DETROIT -- Electronics have transformed the automobile into a high-tech powerhouse.
But the integration has not been without a few short circuits. Failures of electrical components make up nearly half the warranty costs paid by some automakers.
During a panel discussion of automobile electronics at the SAE World Congress last week, industry executives agreed that some of those warranty costs could be eliminated if the auto industry adopted common electrical architectures with reprogrammable software so that the vehicle's computer is the only thing that changes from year to year.
But automakers likely won't use common electrical architectures because of concerns that doing so would take away some of the uniqueness from each brand, said Doug Patton, senior vice president for Denso International America Inc.
Other topics addressed included:
Kregg Wiggins, vice president of powertrain operations for Siemens VDO Automotive Corp., said that in some cases developing parts continues even after a vehicle is out of production.
"We don't believe in the concept of the Internet on wheels," said panel moderator Bernard Robertson, senior vice president for engineering technologies for the Chrysler group.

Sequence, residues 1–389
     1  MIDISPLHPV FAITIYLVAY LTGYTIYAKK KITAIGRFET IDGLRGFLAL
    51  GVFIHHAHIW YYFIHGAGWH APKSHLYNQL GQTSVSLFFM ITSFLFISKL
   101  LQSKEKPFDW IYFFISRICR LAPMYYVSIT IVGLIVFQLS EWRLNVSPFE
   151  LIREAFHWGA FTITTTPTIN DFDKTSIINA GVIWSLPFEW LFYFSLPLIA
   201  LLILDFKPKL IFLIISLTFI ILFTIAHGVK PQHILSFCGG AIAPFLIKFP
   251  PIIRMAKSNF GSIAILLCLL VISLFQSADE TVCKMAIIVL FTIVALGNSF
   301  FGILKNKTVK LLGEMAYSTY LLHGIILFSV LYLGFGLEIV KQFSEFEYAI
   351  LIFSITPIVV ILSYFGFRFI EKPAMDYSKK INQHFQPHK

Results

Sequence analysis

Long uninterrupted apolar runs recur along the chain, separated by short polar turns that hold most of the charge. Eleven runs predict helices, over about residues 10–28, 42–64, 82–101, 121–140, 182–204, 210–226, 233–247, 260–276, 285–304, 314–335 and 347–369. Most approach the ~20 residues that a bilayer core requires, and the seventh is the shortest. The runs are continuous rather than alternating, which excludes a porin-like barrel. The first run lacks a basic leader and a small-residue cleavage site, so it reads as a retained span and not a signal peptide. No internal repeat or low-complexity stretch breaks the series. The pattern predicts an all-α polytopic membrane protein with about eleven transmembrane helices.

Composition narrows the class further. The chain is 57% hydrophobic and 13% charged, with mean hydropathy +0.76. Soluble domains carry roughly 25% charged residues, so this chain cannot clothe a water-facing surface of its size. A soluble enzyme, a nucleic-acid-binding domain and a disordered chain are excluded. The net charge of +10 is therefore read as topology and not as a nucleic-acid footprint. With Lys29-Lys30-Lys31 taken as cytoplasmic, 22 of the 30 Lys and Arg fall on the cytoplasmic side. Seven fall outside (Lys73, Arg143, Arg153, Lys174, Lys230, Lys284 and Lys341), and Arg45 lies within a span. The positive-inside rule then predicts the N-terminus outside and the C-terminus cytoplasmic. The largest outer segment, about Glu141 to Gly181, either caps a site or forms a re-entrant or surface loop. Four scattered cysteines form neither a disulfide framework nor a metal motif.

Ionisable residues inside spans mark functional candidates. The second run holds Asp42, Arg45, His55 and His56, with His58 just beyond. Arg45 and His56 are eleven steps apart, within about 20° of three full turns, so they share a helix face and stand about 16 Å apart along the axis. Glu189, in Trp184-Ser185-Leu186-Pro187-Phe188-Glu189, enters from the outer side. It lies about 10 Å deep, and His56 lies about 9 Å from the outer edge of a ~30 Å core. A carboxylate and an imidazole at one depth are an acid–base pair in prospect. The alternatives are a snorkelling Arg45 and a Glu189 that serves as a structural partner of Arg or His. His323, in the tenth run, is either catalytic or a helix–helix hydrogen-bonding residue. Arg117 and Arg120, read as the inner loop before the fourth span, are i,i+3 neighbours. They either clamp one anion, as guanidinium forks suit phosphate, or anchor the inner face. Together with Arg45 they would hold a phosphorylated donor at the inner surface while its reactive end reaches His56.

"We never want to get away from the visceral feeling of driving. That's where the satisfaction comes from, not the vehicle having its own Web site address."
But Robertson acknowledged that it is an inexact science of knowing when and what options to put on a vehicle.
Citing such gadgets as citizens band radios, integrated cell phones and concierge services that have not been widely embraced by drivers, Robertson said onboard electronics were in some cases a mixed blessing.
Today, a luxury vehicle can have as many as 40 electronic control units, of various sizes and capabilities, to handle such functions as power windows or automatic climate control.
Jacqui Dedo, general manager of marketing for Motorola Inc., noted that electronics are evolving faster than automakers' ability to integrate them into vehicles.
Dedo also acknowledged that quality of electrical components must improve.
"You don't drive your DVD or your laptop down the road with your family," she said.
"We cannot risk losing the trust of the consumer. Components have to pass the rigors of the industry."